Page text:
Five of Louisiana’s nine metro areas suffered job losses over the 12-month period through March. Still, the job winners outpaced the losers to give the state an overall gain of 14,600 nonfarm jobs.
Metro area job losses were suffered by New Orleans, Lafayette, Monroe, Houma-Thibodaux and Shreveport-Bossier City. But gains in Baton Rouge, Lake Charles, Hammond and Alexandria helped offset the losses.
That lifted Louisiana to more than 1.98 million jobs, according to numbers released Thursday by the Louisiana Workforce Commission. Those preliminary numbers were not adjusted for seasonal factors.
BATON ROUGE: The Baton Rouge metropolitan area led all state metros with 8,100 new nonfarm jobs over the year. That success pushed the capital region’s total to 399,500 employed workers.
Continuing a monthslong trend, the capital area gained 2,900 construction jobs for a total of 50,700 in that sector.
The Baton Rouge metro also experienced big gains in professional and business services, up 2,700 positions to 48,400; education and health services, up 1,500 jobs to 54,300; manufacturing, a boost of 1,000 to 29,400; and financial activities, up 900 workers to 29,400.
Baton Rouge suffered its largest job loss — 1,300 — among state employees. That slump dropped the sector to 36,700 jobs.
NEW ORLEANS: The New Orleans area lost 800 jobs and finished with a total of 562,900 as of March 31.
Among the biggest losses in the New Orleans metro were 3,300 construction jobs, which dropped that sector to 27,900.
Other notable dips were in manufacturing, down 1,900 to 29,500; professional and business services, slashed by 1,800 to 72,900; and state government, which dropped 1,100 jobs to 13,400.
LAFAYETTE: Lafayette’s metro lost 100 jobs, ending the 12 months with employment of 220,000.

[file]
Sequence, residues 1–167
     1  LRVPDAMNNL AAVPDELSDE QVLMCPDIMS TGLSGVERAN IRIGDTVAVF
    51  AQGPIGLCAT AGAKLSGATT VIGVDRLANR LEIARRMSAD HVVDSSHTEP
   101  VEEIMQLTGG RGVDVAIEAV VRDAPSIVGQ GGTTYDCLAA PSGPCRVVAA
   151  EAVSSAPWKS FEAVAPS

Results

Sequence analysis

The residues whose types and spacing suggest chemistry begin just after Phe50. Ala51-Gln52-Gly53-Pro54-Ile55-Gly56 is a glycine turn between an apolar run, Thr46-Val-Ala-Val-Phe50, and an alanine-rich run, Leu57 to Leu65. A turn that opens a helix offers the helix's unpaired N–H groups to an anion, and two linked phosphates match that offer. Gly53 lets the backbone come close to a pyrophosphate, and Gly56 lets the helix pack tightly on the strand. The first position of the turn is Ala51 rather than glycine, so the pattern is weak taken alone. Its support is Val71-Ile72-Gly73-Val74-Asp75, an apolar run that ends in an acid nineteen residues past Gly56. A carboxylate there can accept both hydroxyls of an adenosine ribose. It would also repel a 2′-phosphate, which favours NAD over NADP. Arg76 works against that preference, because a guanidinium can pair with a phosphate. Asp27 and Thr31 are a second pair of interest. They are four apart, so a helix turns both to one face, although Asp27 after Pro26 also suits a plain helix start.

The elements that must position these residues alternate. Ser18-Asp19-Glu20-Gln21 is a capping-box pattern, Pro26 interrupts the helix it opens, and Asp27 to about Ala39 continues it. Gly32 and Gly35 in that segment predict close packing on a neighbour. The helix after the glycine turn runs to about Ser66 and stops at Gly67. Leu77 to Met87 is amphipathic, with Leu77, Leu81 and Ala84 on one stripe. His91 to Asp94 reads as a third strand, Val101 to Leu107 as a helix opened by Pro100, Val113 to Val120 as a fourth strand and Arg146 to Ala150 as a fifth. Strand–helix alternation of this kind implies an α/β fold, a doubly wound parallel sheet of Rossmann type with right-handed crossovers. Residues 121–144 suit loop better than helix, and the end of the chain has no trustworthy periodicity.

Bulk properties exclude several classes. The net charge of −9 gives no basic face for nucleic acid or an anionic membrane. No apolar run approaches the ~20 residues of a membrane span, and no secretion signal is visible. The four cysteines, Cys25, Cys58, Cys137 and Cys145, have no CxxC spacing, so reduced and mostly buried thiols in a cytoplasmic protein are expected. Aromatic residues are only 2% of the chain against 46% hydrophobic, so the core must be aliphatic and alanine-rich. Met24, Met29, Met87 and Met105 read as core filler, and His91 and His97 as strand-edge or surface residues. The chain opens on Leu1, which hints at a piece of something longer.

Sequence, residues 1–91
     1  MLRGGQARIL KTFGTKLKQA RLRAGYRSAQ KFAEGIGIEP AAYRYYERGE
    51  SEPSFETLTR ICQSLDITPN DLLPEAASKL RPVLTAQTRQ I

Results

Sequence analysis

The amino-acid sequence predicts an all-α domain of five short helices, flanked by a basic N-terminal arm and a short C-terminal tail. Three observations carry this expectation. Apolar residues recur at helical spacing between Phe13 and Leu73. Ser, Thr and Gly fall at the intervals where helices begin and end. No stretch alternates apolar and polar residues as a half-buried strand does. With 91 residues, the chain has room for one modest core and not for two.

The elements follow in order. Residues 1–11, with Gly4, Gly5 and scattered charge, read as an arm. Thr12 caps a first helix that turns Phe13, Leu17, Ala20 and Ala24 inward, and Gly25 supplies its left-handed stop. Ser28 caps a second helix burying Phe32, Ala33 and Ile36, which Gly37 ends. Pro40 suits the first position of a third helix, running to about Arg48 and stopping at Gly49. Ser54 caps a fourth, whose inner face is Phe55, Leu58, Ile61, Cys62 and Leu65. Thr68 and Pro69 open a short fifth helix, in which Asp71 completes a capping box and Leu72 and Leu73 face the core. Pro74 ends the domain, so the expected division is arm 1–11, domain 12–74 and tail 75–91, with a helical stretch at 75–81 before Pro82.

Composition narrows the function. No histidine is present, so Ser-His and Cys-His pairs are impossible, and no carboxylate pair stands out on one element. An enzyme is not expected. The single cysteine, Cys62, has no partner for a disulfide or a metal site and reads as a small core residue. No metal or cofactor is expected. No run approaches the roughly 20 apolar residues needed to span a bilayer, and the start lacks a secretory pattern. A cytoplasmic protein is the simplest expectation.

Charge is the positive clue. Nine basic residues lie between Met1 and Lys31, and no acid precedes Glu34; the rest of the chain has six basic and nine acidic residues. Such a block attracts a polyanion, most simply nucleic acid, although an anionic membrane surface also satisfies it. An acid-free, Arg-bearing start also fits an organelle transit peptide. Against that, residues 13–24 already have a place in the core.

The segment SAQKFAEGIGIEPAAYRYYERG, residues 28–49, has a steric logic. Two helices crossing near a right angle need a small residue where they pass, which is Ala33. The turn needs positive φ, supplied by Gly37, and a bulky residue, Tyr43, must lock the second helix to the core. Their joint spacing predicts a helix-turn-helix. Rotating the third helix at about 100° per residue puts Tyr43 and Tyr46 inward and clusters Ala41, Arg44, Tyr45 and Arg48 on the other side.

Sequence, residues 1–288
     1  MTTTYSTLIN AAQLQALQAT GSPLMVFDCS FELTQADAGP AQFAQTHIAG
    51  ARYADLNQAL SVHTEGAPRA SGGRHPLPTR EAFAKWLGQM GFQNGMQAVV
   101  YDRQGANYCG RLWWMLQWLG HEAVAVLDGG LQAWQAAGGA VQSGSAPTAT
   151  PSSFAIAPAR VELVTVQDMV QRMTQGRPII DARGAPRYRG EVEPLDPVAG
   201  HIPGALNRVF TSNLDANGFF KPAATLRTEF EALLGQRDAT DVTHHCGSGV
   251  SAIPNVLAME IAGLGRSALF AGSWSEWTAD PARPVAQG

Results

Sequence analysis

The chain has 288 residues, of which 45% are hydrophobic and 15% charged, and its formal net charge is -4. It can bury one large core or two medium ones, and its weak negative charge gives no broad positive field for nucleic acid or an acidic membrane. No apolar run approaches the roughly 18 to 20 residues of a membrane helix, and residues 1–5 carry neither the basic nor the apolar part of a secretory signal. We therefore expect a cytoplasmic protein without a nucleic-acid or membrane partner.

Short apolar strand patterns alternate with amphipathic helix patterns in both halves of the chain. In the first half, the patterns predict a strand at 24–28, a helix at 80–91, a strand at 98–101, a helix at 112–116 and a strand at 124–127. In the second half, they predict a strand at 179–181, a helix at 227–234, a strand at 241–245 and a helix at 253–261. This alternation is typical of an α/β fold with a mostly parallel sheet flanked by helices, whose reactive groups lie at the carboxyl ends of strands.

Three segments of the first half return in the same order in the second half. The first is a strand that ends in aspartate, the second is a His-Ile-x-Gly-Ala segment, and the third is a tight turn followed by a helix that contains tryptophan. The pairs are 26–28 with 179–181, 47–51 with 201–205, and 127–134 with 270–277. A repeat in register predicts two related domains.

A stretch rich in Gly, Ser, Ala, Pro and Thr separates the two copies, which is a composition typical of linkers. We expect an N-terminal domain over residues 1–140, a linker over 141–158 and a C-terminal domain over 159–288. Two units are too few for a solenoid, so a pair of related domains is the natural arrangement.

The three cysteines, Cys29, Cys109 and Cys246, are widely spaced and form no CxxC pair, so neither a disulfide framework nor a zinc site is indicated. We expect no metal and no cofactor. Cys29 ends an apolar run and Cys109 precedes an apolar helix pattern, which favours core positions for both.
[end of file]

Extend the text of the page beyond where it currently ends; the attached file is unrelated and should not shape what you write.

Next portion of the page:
Professional and business services were down 1,400 to 22,000. Construction jobs slipped by 500 to 11,100.
As in the past several months, the Lafayette area saw mining and logging, which includes oil and gas jobs, decline by 1,000 jobs to 22,300. Support activities for mining dropped another 1,100 jobs and finished at 19,600.
But big gains of 1,500 jobs in trade, transportation and utilities; 1,200 in retail trade; and 400 in both manufacturing and leisure and hospitality almost pushed the Cajun metro to break even for the 12-month period.
OTHER AREAS: Monroe lagged all metros and suffered 1,300 job losses over the 12 months. That metro area finished with a total of 77,000 employed workers.
Other year-over-year losses were recorded for the Houma-Thibodaux area, down 700 jobs to 100,000, and the Shreveport-Bossier City metro, down 900 jobs to a new total of 182,600.
Metro area job gains were posted for Lake Charles, up 7,000 to a new total of 102,000 as of March 31; Hammond, up 1,000 to a new total of 44,200; and Alexandria, up 900 jobs to a total of 64,100.
Despite the state’s year-over-year job gains, Louisiana and all of its metro areas suffered increases in their unemployment rates over the 12 months.
“Once again, the increase in the unemployment rate is driven by the massive increase in people looking for work in Louisiana, not by layoffs,” said Curt Eysink, the Louisiana Workforce Commission’s executive director.
“Despite a modest increase in the unemployment rate, we have another month with a huge increase in the number of people who are working, and we saw a solid increase in the number of available jobs,” Eysink said.
Louisiana’s unemployment rate ticked upward by 0.8 percentage points to 6.4 percent for the year ended March 31.
The year-over-year increases in metro unemployment rates were: Baton Rouge by 0.5 point to 5.6 percent; Orleans by 0.7 point to 6.2 percent; Lafayette by 1.3 points to 6 percent; Alexandria by 0.8 point to 6.6 percent; Hammond by 0.7 point to 7.2 percent; Houma-Thibodaux by 1.3 points to 5.5 percent; Lake Charles by 0.3 point to 5.5 percent; Monroe by 0.8 point to 6.9 percent; and Shreveport-Bossier City by 0.8 point to 7 percent.